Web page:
(Mostly) Latin Quarter Bookstore Stroll

Independent bookshop subsidies? Oh yeah, I’ll drink to that.

During a stroll past bookshops and between wine bars stops in the Latin Quarter a few years ago, a colleague, a crusty reporter for a daily paper, told me that independent bookstores in that area of the French capital were subsidized by the local and national governments. I wondered how such an idea would go over in a place like Cleveland.

Some of the subsidies, he said, took the form of low interest loans. There were also tax breaks and incentives available, as well as cheap below-market rate rents in otherwise very pricey areas. Like the Left Bank’s Latin Quarter, still considered the city’s intellectual lifeline, where the goal of an independent government agency was to preserve book-related commerce and fend off the high end designer apparel shops that were encroaching the area. One thing Paris didn’t need, the argument apparently went, was more clothing boutiques in a neighborhood that witnessed nearly half of its independent bookstores disappear between 2000 and 2010. No not very Sorbonne-like.

I don’t know if austerity measures and Sarkozy era budget cuts have affected these subsidies in the time since –I hope not. But if another casual stroll through the same area last month is an indication, it appears they haven’t.

Stand along the Seine

There were dozens of shops, small and slightly less-small, tucked in and around the zigzag streets, with window displays showcasing titles as varied as the shapes of the worn cobblestones underfoot. That was the best part: discovering obscure books and little-known writers whose only appearance in a shop window –ever– will most certainly be somewhere in this corner of Paris.

I have some doubts that this model will ‘save’ the independents from other book buying and selling trends –online sales made up around 7% of book sales in France in recent years– but it’s certainly saved the parts of the Left Bank that are home to the shops from looking like other parts of the world that are starting to look far too much alike.

Most of the shots here were taken in the Latin Quarter. The few taken in the stands along the banks of the Seine are the lone exceptions.

Good indy bookstore karma near the Sorbonne.
With Lenin on the Seine. In this case, the right bank.
Slovenia’s hero Zizek is everywhere.
Shop windows – political passions welcome

Anyone read The End of Work?
What the mood of the day? Dada or Groucho?

Marilyn infatuation knows no boundaries

I bet you didn’t know that Dumas wrote a dictionary of cuisine.


These snaps are this week’s somewhat late contribution for Travel Photo Thursday (#TPThursday on twitter) hosted by Nancie on her website, Budget Travelers Sandbox. When you have few minutes to browse, check out Nancie’s photos and those of others who take part. You’ll see some great photos and visit some wonderful places.

  1. I love walking through the Latin Quarter and can rarely go past a bookstore without buying something. The internet buying rates for books sound low in France. I wonder what it is in the US and Canada. France is going to have to rein in the spending so you’re right – those subsidies may be a thing of the past quite soon.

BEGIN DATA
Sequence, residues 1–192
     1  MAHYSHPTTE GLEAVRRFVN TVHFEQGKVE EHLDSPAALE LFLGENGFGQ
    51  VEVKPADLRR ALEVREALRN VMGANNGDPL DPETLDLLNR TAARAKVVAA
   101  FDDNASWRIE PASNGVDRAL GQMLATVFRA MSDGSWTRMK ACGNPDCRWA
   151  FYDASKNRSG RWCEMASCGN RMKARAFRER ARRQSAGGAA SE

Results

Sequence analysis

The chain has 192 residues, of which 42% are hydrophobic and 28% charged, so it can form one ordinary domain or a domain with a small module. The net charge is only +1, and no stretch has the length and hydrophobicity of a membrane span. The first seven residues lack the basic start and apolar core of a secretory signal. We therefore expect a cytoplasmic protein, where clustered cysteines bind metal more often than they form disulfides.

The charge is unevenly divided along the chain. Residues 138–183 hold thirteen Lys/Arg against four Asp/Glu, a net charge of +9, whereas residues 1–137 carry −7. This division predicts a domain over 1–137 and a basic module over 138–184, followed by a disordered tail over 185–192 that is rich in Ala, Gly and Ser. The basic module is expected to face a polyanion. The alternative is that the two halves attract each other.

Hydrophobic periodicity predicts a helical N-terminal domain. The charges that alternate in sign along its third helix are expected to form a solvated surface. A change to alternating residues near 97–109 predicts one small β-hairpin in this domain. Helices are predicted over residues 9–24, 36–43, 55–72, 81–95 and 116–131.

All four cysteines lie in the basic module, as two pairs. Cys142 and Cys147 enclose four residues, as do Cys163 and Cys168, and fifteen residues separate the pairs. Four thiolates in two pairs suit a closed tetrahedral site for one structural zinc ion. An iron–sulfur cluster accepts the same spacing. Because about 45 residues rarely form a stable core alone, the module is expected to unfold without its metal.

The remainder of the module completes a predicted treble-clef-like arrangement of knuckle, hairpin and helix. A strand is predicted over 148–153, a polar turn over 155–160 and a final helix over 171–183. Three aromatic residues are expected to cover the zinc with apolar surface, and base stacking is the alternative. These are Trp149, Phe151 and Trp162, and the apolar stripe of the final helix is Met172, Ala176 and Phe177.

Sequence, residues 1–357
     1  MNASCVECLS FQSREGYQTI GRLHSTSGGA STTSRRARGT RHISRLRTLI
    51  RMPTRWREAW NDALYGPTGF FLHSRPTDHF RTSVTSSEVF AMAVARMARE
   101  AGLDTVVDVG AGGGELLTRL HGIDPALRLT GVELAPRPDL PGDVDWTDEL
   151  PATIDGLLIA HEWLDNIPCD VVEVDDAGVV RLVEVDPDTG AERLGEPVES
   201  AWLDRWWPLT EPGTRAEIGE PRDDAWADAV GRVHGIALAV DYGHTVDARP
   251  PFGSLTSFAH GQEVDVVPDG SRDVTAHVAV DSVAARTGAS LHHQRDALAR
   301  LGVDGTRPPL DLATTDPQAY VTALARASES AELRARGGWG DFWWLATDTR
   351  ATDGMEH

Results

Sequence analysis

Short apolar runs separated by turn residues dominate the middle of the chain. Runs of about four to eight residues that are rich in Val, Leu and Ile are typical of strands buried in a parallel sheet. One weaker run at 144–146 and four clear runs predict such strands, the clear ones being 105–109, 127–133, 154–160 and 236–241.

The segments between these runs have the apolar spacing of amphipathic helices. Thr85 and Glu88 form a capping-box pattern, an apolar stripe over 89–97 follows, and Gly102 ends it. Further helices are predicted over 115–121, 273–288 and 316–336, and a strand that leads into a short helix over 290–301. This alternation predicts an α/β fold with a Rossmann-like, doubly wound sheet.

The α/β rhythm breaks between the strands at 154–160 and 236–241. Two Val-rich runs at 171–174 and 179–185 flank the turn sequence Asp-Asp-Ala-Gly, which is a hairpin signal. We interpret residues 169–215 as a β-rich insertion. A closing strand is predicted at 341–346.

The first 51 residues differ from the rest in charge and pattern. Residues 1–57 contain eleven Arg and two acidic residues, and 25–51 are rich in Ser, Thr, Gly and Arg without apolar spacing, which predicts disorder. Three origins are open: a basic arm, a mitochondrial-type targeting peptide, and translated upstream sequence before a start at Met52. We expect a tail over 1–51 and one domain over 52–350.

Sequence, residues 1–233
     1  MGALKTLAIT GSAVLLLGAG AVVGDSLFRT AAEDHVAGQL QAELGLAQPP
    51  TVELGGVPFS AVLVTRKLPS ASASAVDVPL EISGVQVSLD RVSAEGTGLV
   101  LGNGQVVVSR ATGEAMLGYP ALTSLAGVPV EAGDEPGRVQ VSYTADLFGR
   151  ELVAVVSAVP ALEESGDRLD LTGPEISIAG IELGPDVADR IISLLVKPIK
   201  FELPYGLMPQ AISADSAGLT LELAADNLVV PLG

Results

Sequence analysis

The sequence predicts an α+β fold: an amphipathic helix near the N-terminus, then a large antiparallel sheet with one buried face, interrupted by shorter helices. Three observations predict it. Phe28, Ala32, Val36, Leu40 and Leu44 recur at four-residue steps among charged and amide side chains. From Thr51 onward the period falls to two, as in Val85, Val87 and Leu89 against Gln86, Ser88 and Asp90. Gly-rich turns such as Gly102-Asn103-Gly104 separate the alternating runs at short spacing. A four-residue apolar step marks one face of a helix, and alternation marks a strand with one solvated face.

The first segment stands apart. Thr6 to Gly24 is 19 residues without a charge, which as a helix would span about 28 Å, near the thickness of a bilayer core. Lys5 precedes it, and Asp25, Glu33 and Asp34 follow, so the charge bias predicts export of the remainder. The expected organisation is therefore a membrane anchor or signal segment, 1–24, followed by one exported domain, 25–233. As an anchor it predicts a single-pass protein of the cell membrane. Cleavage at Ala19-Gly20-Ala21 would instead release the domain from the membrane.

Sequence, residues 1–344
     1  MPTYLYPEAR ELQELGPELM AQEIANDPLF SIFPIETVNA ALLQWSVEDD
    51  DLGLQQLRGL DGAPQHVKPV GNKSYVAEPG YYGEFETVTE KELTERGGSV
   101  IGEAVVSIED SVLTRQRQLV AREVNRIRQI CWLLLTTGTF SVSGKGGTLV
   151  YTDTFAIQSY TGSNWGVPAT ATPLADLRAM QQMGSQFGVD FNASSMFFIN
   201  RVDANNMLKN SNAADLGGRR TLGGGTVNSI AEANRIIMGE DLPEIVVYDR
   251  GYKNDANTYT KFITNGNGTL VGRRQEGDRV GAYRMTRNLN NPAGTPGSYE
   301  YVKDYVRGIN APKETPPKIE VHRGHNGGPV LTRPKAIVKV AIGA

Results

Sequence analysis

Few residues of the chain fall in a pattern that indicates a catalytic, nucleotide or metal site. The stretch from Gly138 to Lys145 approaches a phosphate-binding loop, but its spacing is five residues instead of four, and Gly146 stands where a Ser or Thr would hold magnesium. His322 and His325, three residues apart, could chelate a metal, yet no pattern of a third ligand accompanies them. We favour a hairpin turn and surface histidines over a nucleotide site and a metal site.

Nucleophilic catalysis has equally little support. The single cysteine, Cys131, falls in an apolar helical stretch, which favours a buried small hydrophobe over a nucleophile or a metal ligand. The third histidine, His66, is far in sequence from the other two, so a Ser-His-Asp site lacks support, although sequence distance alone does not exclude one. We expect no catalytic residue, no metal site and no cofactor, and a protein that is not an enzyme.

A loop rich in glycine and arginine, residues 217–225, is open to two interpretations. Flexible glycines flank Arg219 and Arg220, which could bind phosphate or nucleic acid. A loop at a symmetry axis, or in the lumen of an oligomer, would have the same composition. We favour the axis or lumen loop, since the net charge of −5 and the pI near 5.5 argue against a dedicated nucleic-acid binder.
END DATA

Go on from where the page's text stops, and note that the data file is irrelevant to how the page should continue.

1. They do assist with preserving jobs and creating job, so I think they’ll be around a while. I’m just not sure if they’ll ultimately help against the larger issues dealing with the publishing industry these days. But I’m very glad they’re trying. 🙂

  2. I also photographed a bunch of bookstores in the Latin Quarter/St. Germaine neighborhoods. You did a lot more than I did. Thank you! Interesting to hear about the subsidies! I was fascinated by the degree of specialization in some bookstores. One devoted to antique children’s books. One to all things having to do with cars, etc.

  3. This is a wonderful homage to books, bookstores and the Latin Quarter. Your photos make me feel as if I’m there, looking through the window, trying to find a book for my collection. I rarely walk past a bookstore without going in.

  4. Thanks for taking us on a stroll through one of my favorite areas. We stayed in the St. Germaine neighborhood the last time and loved it. It was so great to walk around and still see these quaint stores.

    1. I hope so too. 🙂 I’m curious about the more long-term implications that don’t have so much to do with government policy but with the book-buying public’s general reading habits and the evolution of the publishing industry. Even very cheap subsidized rents and tax breaks won’t do enough to save these shops if people are buying fewer books.

  5. It’s wonderful to hear about the subsidies, and that they appear to be continuing, despite the stringencies of our current economic plight. I suppose they were first proposed as a means of saving the flavour of the Latin Quarter, to keep it relevant, to some extent, as a distinct tourist destination in its own right. The other thing that is so interesting is that the preservation of the language, and culture of France is such an important issue – one which governments have supported, politically and financially, for generations. Given the almost niche-like French publishing market, perhaps they will be spared the blanket mass-market operations we have experienced in English-speaking publishing?

    1. As I understand it, these are earmarked specifically for bookstores in the quarter to keep it relevant as you say, specifically as a ‘knowledge destination’. That said I couldn’t help but notice how empty they all were. Chain stores I walked by were not.

Your email address will not be published.

This site uses Akismet to reduce spam. Learn how your comment data is processed.

More Stories
Recuerdo Profundo by Jimenez Deredia
Scab Cab Ride